I’ve been spending some time today catching up on the latest news for Ironman Boulder and it made me think of all of the non-racing logistics that go into the race. Unlike a lot of other races you have done or plan to do, this one involves a lot more planning outside of just showing up and racing. Here are few tips that I think might be helpful to any first timers.
Plan a long weekend around the race
When I do a sprint, Olympic, or half distance race, particularly a local one, I can pretty much just plan on preparing at home and then showing up race day. I’m not saying you can’t sleep in your own bed the night before the race, but if the venue is much more than an hour’s drive away, I’d recommend booking a nearby hotel for a number of reasons:
1. Being nearby affords you more sleep and reduces the risk of car trouble, traffic or any number of other undpredicatbles impacting you making it to your transition area in time.
2. You’ll get more sleep which is always a good thing.
3. Ironman races typically require packet pick-up two days before and bike check in the day before the race. That means that you’ll be going back and forth a lot. I did this last year but not this year. I’m going to be in Boulder starting on Friday afternoon.
I also won’t tell you that you can’t go back to work the day after the race, but if possible, I’d avoid it. Due to my DNF, I can’t speak personally on this but two sources I trust, my coach and my brother, both told me that sleep on the night after the race was very poor and they found themselves very tired the following day.
Begin your logistics planning as soon as possible
Plans change multiple times before they are set so I would recommend that you think about the details of pre and post-race now. Some things to consider:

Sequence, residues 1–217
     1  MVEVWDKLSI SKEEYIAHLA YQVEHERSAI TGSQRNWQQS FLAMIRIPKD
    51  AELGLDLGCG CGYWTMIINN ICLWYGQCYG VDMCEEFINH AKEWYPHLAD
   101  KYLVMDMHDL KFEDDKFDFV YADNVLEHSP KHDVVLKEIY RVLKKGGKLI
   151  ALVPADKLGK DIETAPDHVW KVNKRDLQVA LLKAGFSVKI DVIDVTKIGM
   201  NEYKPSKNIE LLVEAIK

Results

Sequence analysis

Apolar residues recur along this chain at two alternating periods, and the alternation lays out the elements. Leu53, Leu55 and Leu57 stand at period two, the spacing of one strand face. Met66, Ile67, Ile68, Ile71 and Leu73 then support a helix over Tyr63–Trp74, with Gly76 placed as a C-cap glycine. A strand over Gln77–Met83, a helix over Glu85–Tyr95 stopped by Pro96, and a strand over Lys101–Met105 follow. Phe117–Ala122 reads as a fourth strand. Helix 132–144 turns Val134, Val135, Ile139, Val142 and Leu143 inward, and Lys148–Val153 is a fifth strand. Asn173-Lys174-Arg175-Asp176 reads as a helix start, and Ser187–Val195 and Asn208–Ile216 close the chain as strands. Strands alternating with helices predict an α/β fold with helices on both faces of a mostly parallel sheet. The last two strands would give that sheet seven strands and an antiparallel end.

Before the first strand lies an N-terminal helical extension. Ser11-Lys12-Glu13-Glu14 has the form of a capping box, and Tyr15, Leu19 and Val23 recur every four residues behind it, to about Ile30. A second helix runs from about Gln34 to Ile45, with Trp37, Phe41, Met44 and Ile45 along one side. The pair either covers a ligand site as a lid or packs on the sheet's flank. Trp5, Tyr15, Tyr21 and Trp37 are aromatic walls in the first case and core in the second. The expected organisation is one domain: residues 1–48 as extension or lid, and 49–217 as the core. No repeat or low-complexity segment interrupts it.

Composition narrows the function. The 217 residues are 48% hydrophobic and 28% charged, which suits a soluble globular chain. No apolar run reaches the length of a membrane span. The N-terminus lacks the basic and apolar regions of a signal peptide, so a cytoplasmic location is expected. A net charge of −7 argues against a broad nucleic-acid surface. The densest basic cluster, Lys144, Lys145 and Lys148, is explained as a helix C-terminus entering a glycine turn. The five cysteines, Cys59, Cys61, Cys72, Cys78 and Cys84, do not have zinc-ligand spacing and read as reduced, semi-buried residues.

1. Transportation to the start or staging area (in Boulder you are required to take a bus from the T2 area to the start at the reservoir. If you are driving yourself, where will you park? How long will it take to get there?
2. Where will you eat the night before? Everyone loves to eat a Pasta Jay’s in downtown Boulder but waiting until 9:00 for a table is a distinct possibility and probably not a good idea.
3. What are your plans for coordinating with friends and family? Each race has its good and not-so-good places for spectators and it’s worth knowing where those are.
Stay updated on changes to your race
As I mentioned at the start of this post, I was catching up on the news and learned that there will be changes to the bike course at Boulder this year. That was unexpected but it pays to expect the unexpected. Check you event’s website and I would also recommend staying current on the forums. I got my news from a post the race director put on Slowtwitch, not from the race site.
As it happens, my race is four months from today. I’ll try and start posting regular advice updates and perhaps even put it all together in a single mega-post in July.
Until then, thanks for reading and happy training!